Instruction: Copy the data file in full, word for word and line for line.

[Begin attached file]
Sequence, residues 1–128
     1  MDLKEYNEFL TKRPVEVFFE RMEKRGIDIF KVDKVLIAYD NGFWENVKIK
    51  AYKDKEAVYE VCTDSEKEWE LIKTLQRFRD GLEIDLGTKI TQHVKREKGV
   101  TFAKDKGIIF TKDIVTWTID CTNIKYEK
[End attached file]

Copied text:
Sequence, residues 1–128
     1  MDLKEYNEFL TKRPVEVFFE RMEKRGIDIF KVDKVLIAYD NGFWENVKIK
    51  AYKDKEAVYE VCTDSEKEWE LIKTLQRFRD GLEIDLGTKI TQHVKREKGV
   101  TFAKDKGIIF TKDIVTWTID CTNIKYEK